Israel was in a state of shock and a state of war Sunday after an unprecedented attack that saw Hamas fighters rampage through the country’s south, killing hundreds and seizing hostages in a surprise breakout from Gaza.
Prime Minister Benjamin Netanyahu warned of a “long and difficult war” to come, as his military continued battling to drive out militants while launching deadly retaliatory strikes on the densely populated coastal enclave.
The Palestinian militant group’s daring land, air and sea operation left Israel reeling and threatened the gravest escalation in the region in decades.
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A man runs past cars damaged in a rocket attack Saturday in Ashkelon, southern Israel.Kobi Wolf / Bloomberg via Getty Images
Death toll mounts in Israel and Gaza
More than 700 people were killed in Israel after Hamas fired thousands of missiles and sent gunmen through the security barrier into the country’s south, according to the Israeli Defense Forces.
Early Sunday, Israeli forces said they were still fighting to regain control of eight areas of the country’s territory from Hamas militants.
Retaliatory bombardment, including by Israeli fighter jets, killed at least 413 including 78 children and 41 women, the Palestinian health ministry said.
Those death tolls were expected to rise significantly as Israel, stunned from a violent incursion of its territory not seen since the state’s earliest days, took stock and vowed to take “mighty vengeance.”
Netanyahu said that “the enemy will pay a price it has never known before,” warning Palestinians in Gaza to leave immediately. Israel’s security cabinet had formally approved a “war situation,” the government announced.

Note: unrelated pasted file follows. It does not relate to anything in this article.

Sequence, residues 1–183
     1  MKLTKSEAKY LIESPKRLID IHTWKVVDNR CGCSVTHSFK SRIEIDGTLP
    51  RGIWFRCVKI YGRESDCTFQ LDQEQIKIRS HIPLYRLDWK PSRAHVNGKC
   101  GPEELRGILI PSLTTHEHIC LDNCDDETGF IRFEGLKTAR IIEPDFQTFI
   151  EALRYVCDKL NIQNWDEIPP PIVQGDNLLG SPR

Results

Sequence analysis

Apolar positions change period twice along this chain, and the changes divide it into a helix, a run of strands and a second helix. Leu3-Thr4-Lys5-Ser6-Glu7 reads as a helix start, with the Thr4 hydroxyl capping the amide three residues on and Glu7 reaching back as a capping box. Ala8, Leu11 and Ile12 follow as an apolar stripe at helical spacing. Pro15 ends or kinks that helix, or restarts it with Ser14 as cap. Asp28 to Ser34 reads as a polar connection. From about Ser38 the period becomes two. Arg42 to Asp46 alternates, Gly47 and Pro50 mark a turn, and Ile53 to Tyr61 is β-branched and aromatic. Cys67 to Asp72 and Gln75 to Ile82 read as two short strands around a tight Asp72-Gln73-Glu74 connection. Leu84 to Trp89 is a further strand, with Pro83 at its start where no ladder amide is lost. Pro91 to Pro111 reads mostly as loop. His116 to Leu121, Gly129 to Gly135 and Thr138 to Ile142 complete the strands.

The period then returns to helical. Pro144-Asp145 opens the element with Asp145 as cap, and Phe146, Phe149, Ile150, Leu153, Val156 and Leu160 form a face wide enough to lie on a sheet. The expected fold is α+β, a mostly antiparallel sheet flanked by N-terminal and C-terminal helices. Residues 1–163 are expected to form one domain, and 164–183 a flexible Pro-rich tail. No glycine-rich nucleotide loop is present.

The 2.3 million residents of the tiny coastal enclave of Gaza have long been blockaded and closed off by a security fence. Israel has now also begun cutting off energy supplies and the flow of goods to the densely populated strip of land.
The remains of a destroyed building in Gaza on Sunday after Israeli airstrikes.Mahmud Hams / AFP – Getty Images
The Israeli response will be complicated by Hamas’ capture of dozens of Israeli hostages, both civilian and military, which saw women and children among those taken to Gaza.
Social media and Israeli TV was filled with accounts from devastated family members fearing for loved ones who had been seized by gunmen in their homes, amid fears they could be used as bargaining chips to trade for Palestinian prisoners or deter any Israeli ground assault.
The attacks represent the most dangerous escalation in the conflict in decades and come almost exactly 50 years after the Arab-Israeli War in 1973, when Israel was similarly taken by surprise in a sudden attack by neighboring Egypt and Syria.
Concerns of a broader conflict were fueled Sunday by flare-ups in the north, where Israel exchanged strikes across the Lebanon border with the Hezbollah militant group, and in Egypt, where two Israelis and their guide were killed when an Egyptian citizen opened fire at a group of tourists in Alexandria, Israel’s Foreign Ministry said.
Israel appeared to be caught off guard by the coordinated attacks, raising questions about how vaunted intelligence agencies both there and in the United States failed to raise the alarm.
Bracha Yarkoni, 75, watched as her home in the southern coastal city of Ashkelon took a direct hit from a rocket. Already woken on her birthdayby the sound of explosions and the cries of her grandchildren, she watched from the street as the missile hit. “God help us,” she said.